To starboard was a large compartment suitable for the dry storage of bags of clothing, safety equipment, tackle boxes or similar items. The central compartment housed the engine battery and isolator switch with a live bait well (an option again) and a useful compartment for the likes of knives, pliers and smaller tackle trays set beside the plumbed well.

Side grabrails, aft cleats plus a boarding ladder and handrail completed the transom area features. In all, it’s a practical, angler-oriented layout that would suit both weekend fishers and dedicated tournament anglers.

Performance, Ride and Handling

Engine ratings for the robust 422kg, 469 Stacer Outlaw hull ranged from 50-75hp. The 75 Evinrude E-Tec promised to deliver plenty of performance, and was certainly not found wanting. The craft planed at 15.8km/h at 2600rpm, 19.5km/h at 3000rpm, 49.4km/h at 4000rpm, 61.7km/h at 5000rpm and topped out at 65.4 km/h at 5300rpm. The speed runs were carried out in the Southport Broadwater in light northerly chop with two aboard the Outlaw.

The ride quality indicated that Stacer is onto a winner with this craft. Heading into waves coming in through the Seaway while travelling at a speed of 40km/h (incidentally, the outer section of the Seaway was breaking, a very nasty business) saw the craft rising easily onto the metre-high swells and then come down off them with hardly any impact, and certainly no water coming aboard or making a pest of itself.

Stacer’s Evo Advance hull design, plus some fairly substantial hull weight (422kg without the motor) are factors influencing the excellent ride. A look at the Outlaw’s 3mm thick hull with its flat sides revealed a vee of 14 degrees, four strakes each side of the central keel plus an interesting concave area just above the waterline. This concave area saw the flat sides actually curving inwards in a smooth hollow just above a reversed chine formed where the craft’s sides were joined to the bottom section. This curved lower side section was far from usual, but in combination with other hull features there’s no doubt it contributed to the ride quality. Powering hard into turns saw no side slip, and no prop cavitation at all.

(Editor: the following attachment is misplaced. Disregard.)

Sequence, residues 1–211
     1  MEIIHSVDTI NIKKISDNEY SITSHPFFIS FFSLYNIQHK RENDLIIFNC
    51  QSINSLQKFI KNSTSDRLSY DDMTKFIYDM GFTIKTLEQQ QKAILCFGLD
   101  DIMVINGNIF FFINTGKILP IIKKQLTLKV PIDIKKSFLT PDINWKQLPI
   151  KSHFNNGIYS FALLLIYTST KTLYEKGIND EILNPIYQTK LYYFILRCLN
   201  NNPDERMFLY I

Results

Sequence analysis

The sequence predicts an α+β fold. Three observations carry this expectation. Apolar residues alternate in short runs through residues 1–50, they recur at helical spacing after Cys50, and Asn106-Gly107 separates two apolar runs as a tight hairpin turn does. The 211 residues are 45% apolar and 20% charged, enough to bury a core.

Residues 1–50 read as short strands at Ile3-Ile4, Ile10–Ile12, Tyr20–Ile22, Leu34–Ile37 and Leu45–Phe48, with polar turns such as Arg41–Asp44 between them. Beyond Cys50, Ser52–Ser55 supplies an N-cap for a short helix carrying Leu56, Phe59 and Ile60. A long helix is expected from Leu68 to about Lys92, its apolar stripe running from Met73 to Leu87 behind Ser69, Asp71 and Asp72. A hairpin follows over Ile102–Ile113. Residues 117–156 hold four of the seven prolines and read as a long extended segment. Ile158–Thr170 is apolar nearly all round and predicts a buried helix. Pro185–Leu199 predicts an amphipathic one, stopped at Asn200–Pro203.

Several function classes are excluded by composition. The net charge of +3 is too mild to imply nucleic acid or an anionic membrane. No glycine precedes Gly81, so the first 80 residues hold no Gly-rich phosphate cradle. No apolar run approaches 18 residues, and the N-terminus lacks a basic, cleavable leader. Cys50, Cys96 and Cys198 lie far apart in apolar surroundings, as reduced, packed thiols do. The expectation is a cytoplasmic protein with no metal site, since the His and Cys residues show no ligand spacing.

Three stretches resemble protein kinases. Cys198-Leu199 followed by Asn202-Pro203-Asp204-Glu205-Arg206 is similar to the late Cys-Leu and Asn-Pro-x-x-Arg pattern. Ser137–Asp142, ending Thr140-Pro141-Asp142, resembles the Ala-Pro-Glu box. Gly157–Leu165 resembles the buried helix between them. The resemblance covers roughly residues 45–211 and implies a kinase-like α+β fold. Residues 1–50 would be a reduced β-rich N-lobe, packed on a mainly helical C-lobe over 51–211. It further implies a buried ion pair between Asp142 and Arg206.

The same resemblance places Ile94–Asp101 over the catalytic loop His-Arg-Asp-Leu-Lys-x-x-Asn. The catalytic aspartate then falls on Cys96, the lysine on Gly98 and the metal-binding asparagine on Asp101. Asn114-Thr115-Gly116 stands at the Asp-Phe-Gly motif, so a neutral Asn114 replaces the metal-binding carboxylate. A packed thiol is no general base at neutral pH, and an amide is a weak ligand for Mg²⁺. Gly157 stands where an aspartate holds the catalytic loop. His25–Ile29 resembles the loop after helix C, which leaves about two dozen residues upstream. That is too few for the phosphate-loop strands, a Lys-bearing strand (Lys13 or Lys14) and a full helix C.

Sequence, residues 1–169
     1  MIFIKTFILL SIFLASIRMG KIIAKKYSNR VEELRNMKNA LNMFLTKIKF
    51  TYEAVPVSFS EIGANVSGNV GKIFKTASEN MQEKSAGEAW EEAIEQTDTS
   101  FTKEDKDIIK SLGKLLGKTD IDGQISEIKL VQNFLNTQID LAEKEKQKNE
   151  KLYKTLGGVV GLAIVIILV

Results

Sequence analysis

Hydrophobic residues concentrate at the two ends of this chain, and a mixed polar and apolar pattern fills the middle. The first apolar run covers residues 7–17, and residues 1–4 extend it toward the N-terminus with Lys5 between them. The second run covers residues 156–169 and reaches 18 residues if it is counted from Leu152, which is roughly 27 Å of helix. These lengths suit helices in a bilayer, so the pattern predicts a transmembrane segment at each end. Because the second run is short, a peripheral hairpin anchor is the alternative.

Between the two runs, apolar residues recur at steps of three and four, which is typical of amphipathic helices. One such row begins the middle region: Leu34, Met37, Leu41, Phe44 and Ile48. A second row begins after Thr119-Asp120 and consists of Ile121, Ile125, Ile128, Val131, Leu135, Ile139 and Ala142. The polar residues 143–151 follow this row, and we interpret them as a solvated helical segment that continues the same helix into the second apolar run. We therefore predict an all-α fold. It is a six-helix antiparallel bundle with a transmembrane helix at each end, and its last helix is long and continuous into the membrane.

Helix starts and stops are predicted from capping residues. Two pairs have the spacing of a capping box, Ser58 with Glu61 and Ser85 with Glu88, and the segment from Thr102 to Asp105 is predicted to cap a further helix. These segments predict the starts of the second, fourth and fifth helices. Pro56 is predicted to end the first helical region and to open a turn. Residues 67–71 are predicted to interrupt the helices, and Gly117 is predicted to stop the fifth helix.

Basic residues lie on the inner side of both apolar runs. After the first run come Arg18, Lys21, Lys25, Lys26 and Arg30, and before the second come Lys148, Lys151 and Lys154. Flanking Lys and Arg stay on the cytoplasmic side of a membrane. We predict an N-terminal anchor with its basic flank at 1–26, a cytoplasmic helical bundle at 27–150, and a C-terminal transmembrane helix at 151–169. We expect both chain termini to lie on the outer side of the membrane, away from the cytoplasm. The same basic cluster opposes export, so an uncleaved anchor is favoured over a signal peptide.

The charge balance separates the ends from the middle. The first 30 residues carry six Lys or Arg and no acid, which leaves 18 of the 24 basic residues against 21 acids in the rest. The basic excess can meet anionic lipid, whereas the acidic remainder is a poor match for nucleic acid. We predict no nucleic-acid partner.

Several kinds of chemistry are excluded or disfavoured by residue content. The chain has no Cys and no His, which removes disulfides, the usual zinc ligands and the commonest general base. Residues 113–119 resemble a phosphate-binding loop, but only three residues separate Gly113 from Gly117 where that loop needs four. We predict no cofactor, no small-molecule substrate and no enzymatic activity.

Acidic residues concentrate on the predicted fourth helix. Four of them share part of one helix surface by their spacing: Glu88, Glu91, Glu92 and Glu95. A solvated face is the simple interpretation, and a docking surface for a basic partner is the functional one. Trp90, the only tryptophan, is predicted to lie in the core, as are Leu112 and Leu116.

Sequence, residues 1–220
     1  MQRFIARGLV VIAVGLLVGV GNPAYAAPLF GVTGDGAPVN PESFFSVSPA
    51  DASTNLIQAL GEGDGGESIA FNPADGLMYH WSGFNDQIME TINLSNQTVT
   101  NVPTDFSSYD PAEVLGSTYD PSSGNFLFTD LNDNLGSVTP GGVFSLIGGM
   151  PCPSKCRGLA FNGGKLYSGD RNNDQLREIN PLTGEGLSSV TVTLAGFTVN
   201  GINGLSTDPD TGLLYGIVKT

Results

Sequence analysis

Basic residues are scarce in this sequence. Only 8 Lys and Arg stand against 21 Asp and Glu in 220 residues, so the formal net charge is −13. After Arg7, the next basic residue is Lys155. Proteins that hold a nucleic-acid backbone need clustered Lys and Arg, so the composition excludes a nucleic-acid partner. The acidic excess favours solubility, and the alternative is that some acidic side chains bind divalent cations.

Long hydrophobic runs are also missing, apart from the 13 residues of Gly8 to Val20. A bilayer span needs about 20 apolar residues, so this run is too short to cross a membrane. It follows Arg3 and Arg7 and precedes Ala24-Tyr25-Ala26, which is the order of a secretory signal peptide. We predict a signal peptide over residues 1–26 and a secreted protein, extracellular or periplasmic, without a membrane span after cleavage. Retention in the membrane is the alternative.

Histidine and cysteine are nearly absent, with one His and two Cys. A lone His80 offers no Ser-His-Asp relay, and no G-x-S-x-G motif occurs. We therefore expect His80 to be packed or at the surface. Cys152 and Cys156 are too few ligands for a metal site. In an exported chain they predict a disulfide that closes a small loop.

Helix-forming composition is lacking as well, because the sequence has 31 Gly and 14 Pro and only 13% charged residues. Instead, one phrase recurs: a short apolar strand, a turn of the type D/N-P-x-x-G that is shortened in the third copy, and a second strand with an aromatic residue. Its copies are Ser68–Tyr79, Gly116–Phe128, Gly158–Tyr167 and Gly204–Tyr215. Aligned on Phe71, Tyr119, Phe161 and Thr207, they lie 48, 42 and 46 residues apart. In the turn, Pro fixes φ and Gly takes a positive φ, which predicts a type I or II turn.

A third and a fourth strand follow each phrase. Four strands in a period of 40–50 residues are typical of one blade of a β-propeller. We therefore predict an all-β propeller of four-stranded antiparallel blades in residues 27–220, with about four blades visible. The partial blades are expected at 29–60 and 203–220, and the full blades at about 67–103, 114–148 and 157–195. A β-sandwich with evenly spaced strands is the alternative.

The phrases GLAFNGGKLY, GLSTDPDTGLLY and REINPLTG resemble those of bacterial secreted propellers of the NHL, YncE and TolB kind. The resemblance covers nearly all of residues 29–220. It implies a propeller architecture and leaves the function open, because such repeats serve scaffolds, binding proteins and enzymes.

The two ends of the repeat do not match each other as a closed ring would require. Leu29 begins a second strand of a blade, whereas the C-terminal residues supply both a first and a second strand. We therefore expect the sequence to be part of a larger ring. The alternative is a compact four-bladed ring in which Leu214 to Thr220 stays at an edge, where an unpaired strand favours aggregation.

While the 75 E-Tec was brilliant, not all owners will require top power on their Outlaw. A 60hp engine would still provide plenty of get-up-and-go with only some top-end performance lost.

As far as stability was concerned, the Outlaw was very pleasing. The relatively shallow but solid vee hull with its beam of 2.22m and practical configuration all combined to ensure excellent stability underway and at rest. Family anglers would find this feature reassuring, while keen fishos would be able to work from either front or rear platforms plus the main cockpit area in harmony.

SUMMARY

Stacer has put some solid runs on the board with their 469 Outlaw. It’s new, and will cater to many angling situations with plenty of comfort. The craft’s 820mm high exterior freeboard, interior side depth of 650mm plus inherent stability will all contribute towards sea-keeping ability. From holiday angling to competition fishing, the Outlaw appeal to a wide range of people.

The finish was very good, with full but smoothed welds. Note that the two-tone paint job on the test craft was optional, with a single colour being standard. The general fit of panels, upholstery and overall presentation was very good. A three-year hull warranty applies.

On a Stacer alloy trailer the 469 Outlaw would come home from around $26,990, depending on options selected. The test craft was supplied by Whitewater Marine of Ashmore Queensland, and you can reach them at (07) 5532 4402 or on the net at www.whitewatermarine.com.au .

Facts

SPECIFICATIONS

Hull length4.73m
Length on trailer6.30m
Beam2.22m
Hull construction3mm alloy sheet, sides and bottom.
Hull deadrise14º
Hull Weight422kg
Fuel75L
Power50hp-75hp
Test engine75hp Evinrude E-Tec Long Shaft.
Capacity5 adults
TowingLarge four-cylinder wagon, family six.